Pugliese sued, after favorable vote for an ex-client
Mesa County Commissioner Rose Pugliese voted last September to reduce the property tax on a former client’s family trust, about 60 days before a hearing to decide whether legal advice she previously gave to the client was accurate.
A record of the Sept. 30 property tax abatement hearing does not reflect that Pugliese disclosed the potential conflict of interest before she voted with the two other commissioners to approve a $3,500 property tax reduction for the Marie Ramstetter Family Trust.
Marie Ramstetter, of the trust seeking the tax break, was a client of Pugliese’s law firm as recently as May 2012, court filings show.
Marie Ramstetter is the owner of record for the property at 774 23 Road that sought the tax reduction, according to the Mesa County Assessor’s Office.
Two months later, Mesa County District Judge David Bottger in a probate hearing found that Pugliese gave incorrect legal advice to Marie Ramstetter and her sister, Karol, which caused them to sign by mistake a settlement agreement Pugliese drafted for them as their attorney.
Within six days of Bottger’s decision, Marie Ramstetter and her two sisters, Karol Ramstetter and Jeanne Hostetler, sued Pugliese for legal malpractice.
Colorado law requires local government officials to disclose any personal interest they may have in a matter pending before the governing body on which they serve.
The tax reduction vote could expose Pugliese to claims she violated the law when she voted for a tax break that favored Marie Ramstetter, her former client, without disclosing the relationship.
On Friday, Mesa County Assessor Ken Brownlee said his office has located no record that shows Pugliese disclosed to the board her relationship with Ramstetter prior to her vote.
Marie Ramstetter’s lawsuit against Pugliese has “nothing to do with Ms. Pugliese’s role as a county commissioner,” an attorney for Pugliese, Alan Avery, wrote in an email to The Daily Sentinel.
Pugliese’s vote could also be construed as an attempt to curry favor with Marie Ramstetter, a party in the probate action that arose out of allegedly faulty documents Pugliese drafted and incorrect advice Pugliese gave while acting as Marie Ramstetter’s attorney.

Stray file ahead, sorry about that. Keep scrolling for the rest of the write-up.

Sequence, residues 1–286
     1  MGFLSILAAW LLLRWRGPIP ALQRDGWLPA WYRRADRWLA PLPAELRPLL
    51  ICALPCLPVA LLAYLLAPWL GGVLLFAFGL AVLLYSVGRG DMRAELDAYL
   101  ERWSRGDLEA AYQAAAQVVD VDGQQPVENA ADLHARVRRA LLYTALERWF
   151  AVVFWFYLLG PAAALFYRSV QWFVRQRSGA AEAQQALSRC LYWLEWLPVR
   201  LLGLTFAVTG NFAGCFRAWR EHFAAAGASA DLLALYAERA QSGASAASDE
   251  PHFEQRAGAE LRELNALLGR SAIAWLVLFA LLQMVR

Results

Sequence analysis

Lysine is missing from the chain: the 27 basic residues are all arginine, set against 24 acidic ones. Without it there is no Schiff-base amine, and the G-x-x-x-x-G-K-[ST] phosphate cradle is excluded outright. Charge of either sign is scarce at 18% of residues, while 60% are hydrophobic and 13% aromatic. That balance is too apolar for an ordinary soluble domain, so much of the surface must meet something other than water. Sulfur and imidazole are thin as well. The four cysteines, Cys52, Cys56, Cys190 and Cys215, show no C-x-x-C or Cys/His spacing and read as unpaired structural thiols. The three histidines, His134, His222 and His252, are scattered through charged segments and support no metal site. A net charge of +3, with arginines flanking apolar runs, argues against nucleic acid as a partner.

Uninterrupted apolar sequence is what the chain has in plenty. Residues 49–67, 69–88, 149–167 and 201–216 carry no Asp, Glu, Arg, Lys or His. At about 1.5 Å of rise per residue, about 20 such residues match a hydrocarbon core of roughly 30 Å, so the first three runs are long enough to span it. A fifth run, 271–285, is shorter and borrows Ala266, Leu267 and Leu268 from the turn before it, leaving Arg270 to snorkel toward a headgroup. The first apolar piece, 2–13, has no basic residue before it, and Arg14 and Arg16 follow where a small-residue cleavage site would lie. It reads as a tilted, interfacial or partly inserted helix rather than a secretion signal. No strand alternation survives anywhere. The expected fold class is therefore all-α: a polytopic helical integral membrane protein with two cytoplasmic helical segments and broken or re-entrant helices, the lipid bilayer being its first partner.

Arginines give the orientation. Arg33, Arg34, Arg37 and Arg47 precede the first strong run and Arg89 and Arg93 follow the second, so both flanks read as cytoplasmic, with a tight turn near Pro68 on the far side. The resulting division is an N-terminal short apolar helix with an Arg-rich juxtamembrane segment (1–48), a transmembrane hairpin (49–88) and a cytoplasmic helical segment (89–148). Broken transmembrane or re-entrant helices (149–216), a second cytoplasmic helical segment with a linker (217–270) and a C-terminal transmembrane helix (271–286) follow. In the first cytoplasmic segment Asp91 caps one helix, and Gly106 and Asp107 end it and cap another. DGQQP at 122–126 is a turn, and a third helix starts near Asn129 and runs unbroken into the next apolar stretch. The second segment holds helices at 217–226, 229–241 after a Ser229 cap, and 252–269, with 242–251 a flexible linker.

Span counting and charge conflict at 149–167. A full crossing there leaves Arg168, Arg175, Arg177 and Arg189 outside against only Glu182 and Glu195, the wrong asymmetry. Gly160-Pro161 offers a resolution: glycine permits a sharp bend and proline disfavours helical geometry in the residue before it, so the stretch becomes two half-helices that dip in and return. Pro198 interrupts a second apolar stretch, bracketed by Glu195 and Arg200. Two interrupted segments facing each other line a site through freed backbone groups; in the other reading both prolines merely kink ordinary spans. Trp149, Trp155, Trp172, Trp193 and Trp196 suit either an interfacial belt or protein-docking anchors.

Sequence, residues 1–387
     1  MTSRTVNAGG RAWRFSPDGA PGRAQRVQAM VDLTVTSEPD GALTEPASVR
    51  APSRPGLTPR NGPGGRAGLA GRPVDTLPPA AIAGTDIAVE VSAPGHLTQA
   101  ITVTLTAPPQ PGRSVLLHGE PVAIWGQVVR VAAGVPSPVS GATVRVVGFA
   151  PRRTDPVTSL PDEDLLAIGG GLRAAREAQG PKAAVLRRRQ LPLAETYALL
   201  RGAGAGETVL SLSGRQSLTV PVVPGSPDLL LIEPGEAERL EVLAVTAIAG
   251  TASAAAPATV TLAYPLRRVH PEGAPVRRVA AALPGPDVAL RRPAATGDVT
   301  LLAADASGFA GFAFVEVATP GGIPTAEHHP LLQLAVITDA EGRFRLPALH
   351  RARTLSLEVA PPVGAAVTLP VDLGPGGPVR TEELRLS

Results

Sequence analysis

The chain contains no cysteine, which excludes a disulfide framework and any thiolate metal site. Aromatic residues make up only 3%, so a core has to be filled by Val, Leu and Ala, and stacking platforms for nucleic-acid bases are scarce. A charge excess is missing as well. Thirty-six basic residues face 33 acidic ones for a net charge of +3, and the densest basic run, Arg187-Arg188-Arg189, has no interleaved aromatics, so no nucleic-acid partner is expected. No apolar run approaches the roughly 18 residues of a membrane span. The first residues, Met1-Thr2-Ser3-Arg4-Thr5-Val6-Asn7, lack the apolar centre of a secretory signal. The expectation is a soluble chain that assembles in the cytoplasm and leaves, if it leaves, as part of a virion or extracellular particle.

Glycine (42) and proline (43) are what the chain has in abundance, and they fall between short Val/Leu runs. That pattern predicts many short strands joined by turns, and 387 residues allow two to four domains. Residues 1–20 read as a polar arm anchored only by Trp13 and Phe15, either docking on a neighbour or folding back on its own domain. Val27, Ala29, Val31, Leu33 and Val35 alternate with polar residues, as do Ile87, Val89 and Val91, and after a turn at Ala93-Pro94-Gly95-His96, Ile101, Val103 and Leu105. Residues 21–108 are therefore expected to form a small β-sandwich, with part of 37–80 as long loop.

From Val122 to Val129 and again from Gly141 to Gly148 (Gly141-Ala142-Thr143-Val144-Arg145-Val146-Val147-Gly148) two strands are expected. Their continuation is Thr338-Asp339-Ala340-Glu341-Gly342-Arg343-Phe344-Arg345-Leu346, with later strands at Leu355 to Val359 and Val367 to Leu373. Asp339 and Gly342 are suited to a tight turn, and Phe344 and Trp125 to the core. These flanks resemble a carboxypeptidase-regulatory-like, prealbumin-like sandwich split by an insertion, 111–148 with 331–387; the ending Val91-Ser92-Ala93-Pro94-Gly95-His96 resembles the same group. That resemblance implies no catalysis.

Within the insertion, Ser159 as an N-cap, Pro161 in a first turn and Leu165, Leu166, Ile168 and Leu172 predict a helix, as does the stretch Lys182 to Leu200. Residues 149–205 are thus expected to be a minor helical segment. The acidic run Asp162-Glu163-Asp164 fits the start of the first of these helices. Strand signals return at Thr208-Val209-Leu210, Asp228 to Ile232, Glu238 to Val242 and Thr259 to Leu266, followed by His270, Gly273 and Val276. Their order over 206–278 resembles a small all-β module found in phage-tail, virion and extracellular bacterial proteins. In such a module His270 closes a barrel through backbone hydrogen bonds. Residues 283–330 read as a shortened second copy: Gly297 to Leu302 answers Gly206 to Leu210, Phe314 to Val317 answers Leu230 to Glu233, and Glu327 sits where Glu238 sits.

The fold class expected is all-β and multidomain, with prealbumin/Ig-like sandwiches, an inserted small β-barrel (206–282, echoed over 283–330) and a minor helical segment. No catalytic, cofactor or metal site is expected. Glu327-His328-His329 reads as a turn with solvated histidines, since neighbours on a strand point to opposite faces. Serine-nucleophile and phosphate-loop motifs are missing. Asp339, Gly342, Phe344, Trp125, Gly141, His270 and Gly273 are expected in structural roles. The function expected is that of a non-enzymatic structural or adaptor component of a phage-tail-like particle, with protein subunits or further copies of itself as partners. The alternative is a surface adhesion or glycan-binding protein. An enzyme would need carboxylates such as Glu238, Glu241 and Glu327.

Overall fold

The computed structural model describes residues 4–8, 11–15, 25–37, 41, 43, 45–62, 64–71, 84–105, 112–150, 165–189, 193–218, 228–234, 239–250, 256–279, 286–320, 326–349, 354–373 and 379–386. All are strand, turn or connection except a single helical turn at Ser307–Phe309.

Bottger’s ruling in the probate action supplied the spark that ignited the two lawsuits filed against Pugliese earlier this year. Both complaints seek unspecified monetary damages.
All sides agree Pugliese’s current legal predicament has its genesis in a will she prepared for Louise Ramstetter sometime after the death of Ramstetter’s husband, Karl, in 2007.
Louise Ramstetter is the mother of the three sisters: Marie and Karol Ramstetter and Jeanne Hostetler.
Louise Ramstetter died in April 2009. Pugliese read the contents of the will she had prepared and explained its legal ramifications to the sisters shortly after their mother’s death.
Some of the legal opinions she expressed were wrong, Bottger ruled.
When a dispute among the sisters broke out, the Ramstetters consulted with Pugliese, who drafted a settlement agreement that attempted to satisfy objections Hostetler had to the distribution of property from the will.
But the agreement failed to resolve the sisters’ differences.
The dispute eventually landed in Mesa County District Court. Pugliese was a key witness who testified during the four-day probate hearing, court documents show.
In his Feb. 9 ruling, Bottger invalidated the agreement, based on the sisters’ mutual mistake about its purpose.
The sisters believed the settlement agreement Pugliese drafted was the only way to resolve Hostetler’s objections to the will.
That mistaken belief was based on an incorrect legal opinion expressed by Pugliese, Bottger ruled.
The complaint subsequently filed by Marie and Karol Ramstetter, and a separate complaint filed by Jeanne Hostetler, both allege legal malpractice by Pugliese and her law firm.
Pugliese declined to be interviewed for this story through a statement prepared by her lawyer, Avery.
“Unfortunately, based on my advice, Ms. Pugliese will not participate in any such interviews at this time as it is my very strong belief that it is inappropriate for clients or counsel to comment on pending litigation. While we deeply respect the role of the newspaper, it is my belief that lawsuits should be tried in courts of law, and not in newspapers,” Avery wrote.
In her role as county commissioner, Pugliese is guided legally by the county attorney, who at the time of the tax hearing vote was acting County Attorney David Frankel.
Frankel in November last year was hired as the city attorney in Westminster and was not reachable Saturday. Current Mesa County Attorney Patrick Coleman was also not reachable Saturday.
Pugliese’s vote was described as a “no-brainer” by Brownlee, the county’s assessor, citing the routine administrative process that led up to the Ramstetter decision.
Bottger’s Feb. 9 probate ruling followed more than two years of legal wrangling over Louise Ramstetter’s estate.
Although the ruling was publicly available, exhibits and transcripts of testimony by witnesses describing Pugliese’s conduct and relationships — including testimony by Pugliese herself — are sealed by court order, said Bruce Smith, a lawyer for Jeanne Hostetler.